Most Texans are familiar with the start of the Texas Revolution in Gonzales under the Come And Take It flag on October 2, 1835. But that was not the first attempt at throwing off centralized, far-away government in Texas. And the earlier fights for Texas liberty were dangerous, bloody affairs.
On January 22, 1811, the leader of the military forces in San Antonio, Captain Juan Bautista de las Casas led his militia to arrest the Spanish governor of Texas, Manuel Maria de Salcedo. Father Miguel Hidalgo had started the war for Mexican independence from Spain just four months earlier. The war for independence from Spain had come to Texas.
By February 1, Casas, having been recognized by the revolutionary independence government in Coahuilla as the interim governor of Texas, had dispatched Antonio Saenz and Gavino Delgado Nacagdoces to successfully take that important town for the revolution.
But internal dissension brought down the independence government. Casas accused Saenz of personally pocketing some of the wealth confiscated from the Spanish leaders that had been deposed, but then released him. Saenz aligned with royalists and royalist leader, Juan Manuel Zambrano, and they captured and arrested Casas and Ignacio Aldama who had been recently returned from the United States after successfully obtaining aid for the revolution there.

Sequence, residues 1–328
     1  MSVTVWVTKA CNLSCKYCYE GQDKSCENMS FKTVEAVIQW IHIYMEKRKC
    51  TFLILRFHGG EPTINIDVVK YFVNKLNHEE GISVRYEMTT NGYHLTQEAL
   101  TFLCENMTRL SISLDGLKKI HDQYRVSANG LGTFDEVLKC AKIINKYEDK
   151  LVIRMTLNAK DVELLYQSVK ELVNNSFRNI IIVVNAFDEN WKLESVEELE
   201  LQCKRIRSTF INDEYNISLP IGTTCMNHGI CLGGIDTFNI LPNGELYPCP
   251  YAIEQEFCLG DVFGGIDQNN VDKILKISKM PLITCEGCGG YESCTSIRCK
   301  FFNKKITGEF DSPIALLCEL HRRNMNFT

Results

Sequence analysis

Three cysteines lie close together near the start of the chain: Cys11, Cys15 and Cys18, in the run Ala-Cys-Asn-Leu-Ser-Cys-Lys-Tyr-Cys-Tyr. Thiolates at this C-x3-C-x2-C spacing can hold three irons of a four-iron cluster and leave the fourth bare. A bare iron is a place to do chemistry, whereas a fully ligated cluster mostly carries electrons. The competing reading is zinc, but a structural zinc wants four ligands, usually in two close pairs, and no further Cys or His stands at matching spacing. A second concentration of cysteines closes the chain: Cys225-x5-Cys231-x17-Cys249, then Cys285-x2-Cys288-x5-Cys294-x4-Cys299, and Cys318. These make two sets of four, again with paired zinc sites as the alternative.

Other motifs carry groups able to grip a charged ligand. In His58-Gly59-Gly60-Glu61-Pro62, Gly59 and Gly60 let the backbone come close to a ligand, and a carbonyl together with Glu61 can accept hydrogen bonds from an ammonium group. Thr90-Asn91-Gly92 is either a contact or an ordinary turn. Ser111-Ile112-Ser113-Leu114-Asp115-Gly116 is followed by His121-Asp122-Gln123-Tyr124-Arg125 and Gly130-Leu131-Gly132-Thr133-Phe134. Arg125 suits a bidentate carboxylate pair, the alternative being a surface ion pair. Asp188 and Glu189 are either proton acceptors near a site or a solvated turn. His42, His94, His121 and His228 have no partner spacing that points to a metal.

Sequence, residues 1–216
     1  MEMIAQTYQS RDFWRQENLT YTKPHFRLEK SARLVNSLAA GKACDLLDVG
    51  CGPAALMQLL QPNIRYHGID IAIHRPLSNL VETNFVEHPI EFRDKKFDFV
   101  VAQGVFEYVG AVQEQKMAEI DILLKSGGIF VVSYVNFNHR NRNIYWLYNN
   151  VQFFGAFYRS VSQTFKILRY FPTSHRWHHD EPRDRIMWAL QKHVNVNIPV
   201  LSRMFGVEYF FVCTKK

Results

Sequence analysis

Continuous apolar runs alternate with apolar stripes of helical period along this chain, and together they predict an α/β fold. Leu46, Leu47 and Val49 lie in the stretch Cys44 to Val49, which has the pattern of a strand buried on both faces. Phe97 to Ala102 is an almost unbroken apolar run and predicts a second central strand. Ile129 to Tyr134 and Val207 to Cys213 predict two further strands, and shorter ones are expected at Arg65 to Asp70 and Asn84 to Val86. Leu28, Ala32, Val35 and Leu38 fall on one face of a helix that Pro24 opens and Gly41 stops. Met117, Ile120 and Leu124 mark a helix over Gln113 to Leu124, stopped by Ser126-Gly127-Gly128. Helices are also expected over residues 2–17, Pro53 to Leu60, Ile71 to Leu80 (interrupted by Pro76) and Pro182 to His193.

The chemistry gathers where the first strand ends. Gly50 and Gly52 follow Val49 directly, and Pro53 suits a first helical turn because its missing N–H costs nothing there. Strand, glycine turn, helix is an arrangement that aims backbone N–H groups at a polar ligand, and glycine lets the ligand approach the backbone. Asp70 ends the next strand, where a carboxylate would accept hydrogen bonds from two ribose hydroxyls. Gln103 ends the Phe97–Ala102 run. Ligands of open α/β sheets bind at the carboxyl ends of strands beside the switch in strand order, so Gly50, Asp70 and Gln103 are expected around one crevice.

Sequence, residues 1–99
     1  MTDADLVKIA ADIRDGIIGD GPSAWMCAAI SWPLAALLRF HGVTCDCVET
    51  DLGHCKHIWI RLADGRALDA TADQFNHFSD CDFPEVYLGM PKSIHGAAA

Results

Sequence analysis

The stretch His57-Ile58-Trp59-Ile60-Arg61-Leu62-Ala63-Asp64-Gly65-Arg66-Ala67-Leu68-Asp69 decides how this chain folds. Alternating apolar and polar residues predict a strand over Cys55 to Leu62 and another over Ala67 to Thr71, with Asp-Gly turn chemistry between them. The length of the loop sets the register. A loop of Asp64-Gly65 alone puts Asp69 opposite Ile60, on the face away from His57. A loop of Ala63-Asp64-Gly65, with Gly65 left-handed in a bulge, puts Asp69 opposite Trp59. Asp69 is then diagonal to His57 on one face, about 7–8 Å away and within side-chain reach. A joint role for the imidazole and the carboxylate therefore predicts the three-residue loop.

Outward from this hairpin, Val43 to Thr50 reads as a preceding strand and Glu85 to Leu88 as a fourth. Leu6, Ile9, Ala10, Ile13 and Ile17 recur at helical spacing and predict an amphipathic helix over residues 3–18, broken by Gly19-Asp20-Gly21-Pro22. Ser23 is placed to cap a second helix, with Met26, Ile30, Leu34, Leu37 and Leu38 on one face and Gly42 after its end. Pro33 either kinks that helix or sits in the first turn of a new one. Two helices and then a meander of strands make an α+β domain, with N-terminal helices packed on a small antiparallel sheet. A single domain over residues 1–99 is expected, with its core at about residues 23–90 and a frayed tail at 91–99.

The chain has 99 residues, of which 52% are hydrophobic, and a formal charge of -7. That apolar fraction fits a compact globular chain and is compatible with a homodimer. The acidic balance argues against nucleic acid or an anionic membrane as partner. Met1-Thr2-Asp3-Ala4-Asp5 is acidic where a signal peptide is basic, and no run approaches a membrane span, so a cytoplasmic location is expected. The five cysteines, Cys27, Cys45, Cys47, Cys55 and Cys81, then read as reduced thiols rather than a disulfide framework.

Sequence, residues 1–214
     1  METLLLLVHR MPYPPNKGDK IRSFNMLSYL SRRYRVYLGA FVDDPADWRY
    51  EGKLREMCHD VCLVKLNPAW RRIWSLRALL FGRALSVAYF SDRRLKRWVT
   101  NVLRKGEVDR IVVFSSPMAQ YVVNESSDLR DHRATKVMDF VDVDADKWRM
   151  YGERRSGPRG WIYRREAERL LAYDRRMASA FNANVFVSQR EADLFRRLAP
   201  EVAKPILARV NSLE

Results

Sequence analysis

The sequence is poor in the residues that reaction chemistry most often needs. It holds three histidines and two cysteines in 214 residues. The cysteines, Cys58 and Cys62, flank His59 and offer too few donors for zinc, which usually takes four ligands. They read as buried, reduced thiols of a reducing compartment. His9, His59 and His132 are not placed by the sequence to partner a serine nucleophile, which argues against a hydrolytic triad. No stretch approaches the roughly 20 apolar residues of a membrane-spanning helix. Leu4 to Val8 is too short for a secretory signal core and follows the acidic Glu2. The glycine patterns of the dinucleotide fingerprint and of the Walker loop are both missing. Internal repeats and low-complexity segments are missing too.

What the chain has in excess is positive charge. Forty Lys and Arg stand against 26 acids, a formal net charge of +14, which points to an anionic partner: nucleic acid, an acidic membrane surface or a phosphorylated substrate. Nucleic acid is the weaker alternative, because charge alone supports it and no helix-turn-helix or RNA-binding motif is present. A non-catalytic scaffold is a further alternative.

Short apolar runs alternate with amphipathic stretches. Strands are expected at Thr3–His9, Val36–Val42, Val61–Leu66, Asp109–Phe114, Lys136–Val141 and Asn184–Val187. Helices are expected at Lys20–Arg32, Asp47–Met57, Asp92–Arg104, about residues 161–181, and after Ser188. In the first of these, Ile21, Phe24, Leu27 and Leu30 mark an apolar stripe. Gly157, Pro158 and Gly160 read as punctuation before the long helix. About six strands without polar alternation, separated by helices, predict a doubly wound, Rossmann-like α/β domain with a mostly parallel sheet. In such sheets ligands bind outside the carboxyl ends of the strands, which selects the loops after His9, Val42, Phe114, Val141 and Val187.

Casas was court-martialed and sentenced as a traitor, then demoted, shot in the back, and beheaded on August 3, 1811, with his head displayed publicly in San Antonio, and Salcedo and the Spanish restored to power.
The entire episode is known as the Casas Revolt. By the time Casas was executed, the spark and leader of the revolution, Hidalgo had been captured on his way to San Antonio (and eventually the U.S.) and shot just two or three days earlier.